Top 10 Signs You're Interviewing with a Family You Don't Really Want to Work for
We’ve all done it—walked into an interview and thought. “Oh no! I do not want to work this family at all!” Before you accept any offers to start work, you should carefully evaluate whether or not the family interviewing you is one you will realistically be able to work for without losing your mind. Ignore the ten signs below during your interview and you may find yourself working for a nightmare FrankenFamily and completely lose your sanity. Nanny beware.
1. The house is a train wreck.
You know the kind I’m talking about. You walk in and there are toys, food, dishes, and animal hair everywhere. The family claims that they don’t need you to do any housework, but just by looking around you know that in order to make this a good work environment you are going to have to go all supermaid on the place.
2. The kids are out of control.
I once went to an interview where the kids were bouncing off the wall and running. One of them wrote on with a marker within my first ten minutes on the property and all the mom could say was, “They are always like this, very high energy and don’t like to listen.” I knew right then and there that I did not want to work for that family; if the kids were already used to not having rules and could walk all over their parents, what were they going to do when I was there?
3. No Traveling with the children.
The parents insist there is no reason for you to take their kids anywhere because there are “plenty of activities for them to do around the house”. Working for parents who do not allow you to travel with the kids is going to get old very quickly. A nanny’s day can be very isolating and lonely. I want to ask every parent that’s ever said this, “Do you like staying trapped in your house for 55 hours a week with bored kids?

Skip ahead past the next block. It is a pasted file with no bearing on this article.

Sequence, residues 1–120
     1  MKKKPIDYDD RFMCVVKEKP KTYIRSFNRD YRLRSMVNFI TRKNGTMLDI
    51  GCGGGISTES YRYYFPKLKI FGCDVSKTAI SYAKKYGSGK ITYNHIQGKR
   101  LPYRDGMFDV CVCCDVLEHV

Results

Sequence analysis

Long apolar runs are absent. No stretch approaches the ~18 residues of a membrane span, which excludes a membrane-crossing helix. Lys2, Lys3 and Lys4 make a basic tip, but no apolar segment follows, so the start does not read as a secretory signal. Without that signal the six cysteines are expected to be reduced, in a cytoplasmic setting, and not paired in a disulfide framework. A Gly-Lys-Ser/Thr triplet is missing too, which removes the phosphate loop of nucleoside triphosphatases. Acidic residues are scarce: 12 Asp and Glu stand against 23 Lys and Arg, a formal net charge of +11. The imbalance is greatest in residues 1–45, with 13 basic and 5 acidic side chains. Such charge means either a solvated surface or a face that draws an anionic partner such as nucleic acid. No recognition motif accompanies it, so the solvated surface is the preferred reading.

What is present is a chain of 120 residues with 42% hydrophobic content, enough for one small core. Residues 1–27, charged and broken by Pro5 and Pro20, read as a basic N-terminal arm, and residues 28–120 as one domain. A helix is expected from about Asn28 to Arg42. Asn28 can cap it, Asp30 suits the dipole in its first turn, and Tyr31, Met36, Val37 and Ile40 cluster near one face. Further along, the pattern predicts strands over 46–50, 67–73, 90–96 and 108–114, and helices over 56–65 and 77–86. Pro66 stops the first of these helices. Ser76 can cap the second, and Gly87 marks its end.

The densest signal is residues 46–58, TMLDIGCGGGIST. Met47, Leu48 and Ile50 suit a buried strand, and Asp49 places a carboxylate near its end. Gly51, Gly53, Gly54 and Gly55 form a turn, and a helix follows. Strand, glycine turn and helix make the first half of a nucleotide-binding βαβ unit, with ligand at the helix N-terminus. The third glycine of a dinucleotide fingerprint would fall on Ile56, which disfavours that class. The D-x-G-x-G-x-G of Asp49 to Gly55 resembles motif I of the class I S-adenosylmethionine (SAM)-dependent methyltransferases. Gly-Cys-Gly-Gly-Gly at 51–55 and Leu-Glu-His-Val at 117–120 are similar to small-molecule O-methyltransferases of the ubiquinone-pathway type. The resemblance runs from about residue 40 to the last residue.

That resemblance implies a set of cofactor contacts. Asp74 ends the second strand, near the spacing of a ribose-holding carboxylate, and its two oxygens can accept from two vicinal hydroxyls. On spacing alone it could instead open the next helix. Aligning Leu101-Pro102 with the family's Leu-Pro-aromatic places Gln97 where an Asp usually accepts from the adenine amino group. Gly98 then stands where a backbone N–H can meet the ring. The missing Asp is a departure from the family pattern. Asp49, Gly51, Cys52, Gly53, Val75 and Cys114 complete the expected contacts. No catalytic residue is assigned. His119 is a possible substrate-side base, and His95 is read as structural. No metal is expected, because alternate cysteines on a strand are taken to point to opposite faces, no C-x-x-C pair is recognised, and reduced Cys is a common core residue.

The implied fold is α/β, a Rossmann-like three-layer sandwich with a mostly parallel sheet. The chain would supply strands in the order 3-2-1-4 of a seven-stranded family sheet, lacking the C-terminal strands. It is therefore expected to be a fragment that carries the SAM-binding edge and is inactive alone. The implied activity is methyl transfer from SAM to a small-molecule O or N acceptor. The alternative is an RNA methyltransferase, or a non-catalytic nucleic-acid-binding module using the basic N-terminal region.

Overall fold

4. They keep referring to your job as babysitting.
As soon as a parent who is interviewing me for full-time work calls me a babysitter, especially after I’ve clarified the difference, I know it is not a good fit. Parents like this do not understand that there is a difference between the two terms and they will not value you as much as a family that understands you are not “just a babysitter”.
5. They compare the cost of your pay to a babysitter’s pay.
When parents complain that the rate you’ve requested is so much more than the going rate for their weekend babysitter, you know this is a family you should run from. As nannies, we know that we do far more than just watch the children, therefore there is nothing wrong with charging our normal rates and not getting paid babysitting wages.
6. They don’t think you need to be paid legally.
Being paid legally is very important. Nannies are not independent contractors and they are also not exempt from taxes. When families do not want to pay you legally, it puts you at risk of being in trouble with the IRS. Don’t take the chance. It may seem nice to have that extra cash in your paycheck each week, but will it be worth it when the tax man comes knocking on your door?
7. They don’t think you need a contract.
A contract protects not only the nanny, but also the family. When a family refuses a contract, you should always consider why. You are more secure with one and it’s only for the safety of both parties. If they don’t want to write up a contract, then you don’t want to accept this job.
8. The job sounds more like housekeeping than nannying.
The list of household duties should not be longer then the list of childcare duties, unless you want to be a housekeeper as well. If this is the case, you should be compensated correctly as a “nanny/housekeeper”.
9. They do not want you to talk to the previous nanny.
When parents say they do not want you to speak to their previous nanny, that should throw up a blaring red light in your mind. If they were great bosses who have nothing to hide, why would they have a problem with you getting a quick reference from the last person in the position?
10. Sketchy vibes.
Strange and personal questions are “sketchy” but not uncommon during interviews for nanny positions. If they start asking you about your ideas on religion, homosexuality, sex before marriage, or anything that doesn’t really involve childcare, you should be concerned. The bottom line is that if you feel uncomfortable during a two-hour interview, you would probably feel uncomfortable every single day if you went to work for that family.
What interview dealbreakers do you have to share? Have any of these scenarios happened to you?